Mushrooms are so much more than just a fungus. They are low in sodium, fat, and calories. They are also a good source of fiber, potassium, protein, zinc and B vitamins. Many have anti-cancer properties and some even contain vitamin D! Read on for more of the many benefits offered by the mighty mushroom.
- Shiitake – Also known as black forest mushrooms or Chinese black mushrooms. Shitake mushrooms are a dietary source of vitamin D and have anti-cancer properties (1). Shitake mushrooms work well in Asian inspired dishes, stir-fries and salads.
- Button – White button shaped mushrooms are common in supermarkets. They are a good source of protein, potassium, and fiber.
- Cremini – These mushrooms look a lot like white button mushrooms with a brown cap (and are part of the same species), but they are actually firmer than their white counterparts. They are in season from late spring to fall. Regular consumption of cremini mushrooms may reduce the risk of breast cancer (2) and they are also a dietary source of vitamin D.
- Portobello – A larger version of the cremini mushroom. Portobello mushrooms work great in salads, stir-fries or in sandwiches as a meat substitute. They are also a good source of protein. Like their button and cremini relatives, these mushrooms have anti-cancer properties (2).
- Oyster – These mushrooms can be yellow, white, brown or tan. They are in season between spring and fall. Oyster mushrooms naturally produce compounds that may help lower bad cholesterol (3), and they are also antioxidants (4).
- Maitake – In Japanese their name means dancing mushroom, and they are in season during the fall. Maitake mushrooms contain several compounds that may stimulate the immune system and act as anti-cancer agents (4). Don’t let their strange appearance scare you; the caps can replace white button mushrooms in almost any recipe!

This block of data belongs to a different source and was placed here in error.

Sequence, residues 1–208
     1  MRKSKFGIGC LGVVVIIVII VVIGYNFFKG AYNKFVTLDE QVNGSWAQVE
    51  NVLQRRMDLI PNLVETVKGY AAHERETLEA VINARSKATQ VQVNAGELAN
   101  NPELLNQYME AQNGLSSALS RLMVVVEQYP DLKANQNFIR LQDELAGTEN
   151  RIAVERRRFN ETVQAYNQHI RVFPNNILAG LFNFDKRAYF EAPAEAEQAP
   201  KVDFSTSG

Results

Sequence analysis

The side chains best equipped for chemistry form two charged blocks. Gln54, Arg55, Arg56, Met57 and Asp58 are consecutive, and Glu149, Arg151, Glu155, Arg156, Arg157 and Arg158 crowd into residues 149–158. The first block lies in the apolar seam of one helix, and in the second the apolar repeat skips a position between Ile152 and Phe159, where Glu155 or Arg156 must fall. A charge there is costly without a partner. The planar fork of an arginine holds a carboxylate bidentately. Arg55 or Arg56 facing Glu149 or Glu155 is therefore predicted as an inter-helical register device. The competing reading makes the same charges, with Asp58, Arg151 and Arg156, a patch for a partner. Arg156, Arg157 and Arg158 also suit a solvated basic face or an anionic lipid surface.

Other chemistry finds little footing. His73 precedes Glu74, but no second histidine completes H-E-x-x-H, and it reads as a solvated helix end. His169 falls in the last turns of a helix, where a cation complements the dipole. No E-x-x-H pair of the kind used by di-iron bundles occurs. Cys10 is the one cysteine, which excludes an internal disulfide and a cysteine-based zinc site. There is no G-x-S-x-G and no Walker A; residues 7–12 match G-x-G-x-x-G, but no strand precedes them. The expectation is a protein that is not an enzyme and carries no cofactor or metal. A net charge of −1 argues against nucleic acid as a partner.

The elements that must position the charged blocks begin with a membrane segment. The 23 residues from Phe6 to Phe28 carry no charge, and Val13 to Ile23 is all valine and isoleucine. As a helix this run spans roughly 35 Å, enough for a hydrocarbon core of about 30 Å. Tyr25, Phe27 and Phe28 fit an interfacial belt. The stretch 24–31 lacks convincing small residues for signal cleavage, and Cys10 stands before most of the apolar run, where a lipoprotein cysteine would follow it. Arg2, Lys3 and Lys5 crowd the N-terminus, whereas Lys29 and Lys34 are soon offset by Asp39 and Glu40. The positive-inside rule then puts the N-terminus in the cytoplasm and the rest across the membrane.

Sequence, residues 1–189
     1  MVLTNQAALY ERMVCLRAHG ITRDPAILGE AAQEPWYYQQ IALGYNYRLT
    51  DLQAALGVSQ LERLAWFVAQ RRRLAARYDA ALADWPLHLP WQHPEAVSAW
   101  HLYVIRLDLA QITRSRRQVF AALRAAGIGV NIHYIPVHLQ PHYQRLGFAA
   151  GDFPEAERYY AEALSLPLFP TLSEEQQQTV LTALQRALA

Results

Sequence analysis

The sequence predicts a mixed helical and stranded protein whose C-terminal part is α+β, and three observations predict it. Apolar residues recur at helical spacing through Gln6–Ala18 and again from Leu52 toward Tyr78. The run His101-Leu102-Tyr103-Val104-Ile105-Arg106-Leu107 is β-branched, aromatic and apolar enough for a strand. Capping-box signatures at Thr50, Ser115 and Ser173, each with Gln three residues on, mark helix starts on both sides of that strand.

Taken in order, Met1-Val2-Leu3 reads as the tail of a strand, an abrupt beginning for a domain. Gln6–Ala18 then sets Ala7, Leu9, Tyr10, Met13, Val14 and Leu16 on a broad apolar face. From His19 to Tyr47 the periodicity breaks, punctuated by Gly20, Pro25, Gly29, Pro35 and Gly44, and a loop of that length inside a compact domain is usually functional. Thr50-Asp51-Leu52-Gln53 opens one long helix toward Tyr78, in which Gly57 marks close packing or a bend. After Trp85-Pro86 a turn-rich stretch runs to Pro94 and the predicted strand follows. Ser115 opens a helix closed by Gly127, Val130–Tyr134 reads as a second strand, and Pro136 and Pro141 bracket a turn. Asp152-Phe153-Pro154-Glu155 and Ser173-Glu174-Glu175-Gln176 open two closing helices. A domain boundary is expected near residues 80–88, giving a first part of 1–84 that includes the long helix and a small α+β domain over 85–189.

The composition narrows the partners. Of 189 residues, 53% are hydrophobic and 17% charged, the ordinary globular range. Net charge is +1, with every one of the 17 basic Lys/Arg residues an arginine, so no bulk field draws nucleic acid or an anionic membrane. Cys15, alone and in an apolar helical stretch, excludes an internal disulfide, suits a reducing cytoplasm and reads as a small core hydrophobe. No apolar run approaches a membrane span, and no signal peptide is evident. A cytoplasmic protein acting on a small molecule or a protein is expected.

- Black Trumpet – These mushrooms can be black, brown, or gray and actually look like little trumpets. They are available in the spring, summer and fall and can even grow through the winter in warmer climates. Enjoy the rich, smoky flavor as part of a stir-fry or alone.
Adapted from: http://www.mushroom-appreciation.com. Access verified February 28, 2013.
- Fang, Nianbai, et al. “Inhibition of growth and induction of apoptosis in human cancer cell lines by an ethyl acetate fraction from shiitake mushrooms.” Journal of Alternative & Complementary Medicine 12.2 (2006): 125-132.
- Grube, Baiba J., et al. “White button mushroom phytochemicals inhibit aromatase activity and breast cancer cell proliferation.” The Journal of nutrition 131.12 (2001): 3288-3293.
- Schneider, Inga, et al. “Lipid lowering effects of oyster mushroom (< i> Pleurotus ostreatus</i>) in humans.” Journal of Functional Foods 3.1 (2011): 17-24.
- Yang, Joan-Hwa, Hsiu-Ching Lin, and Jeng-Leun Mau. “Antioxidant properties of several commercial mushrooms.” Food Chemistry 77.2 (2002): 229-235.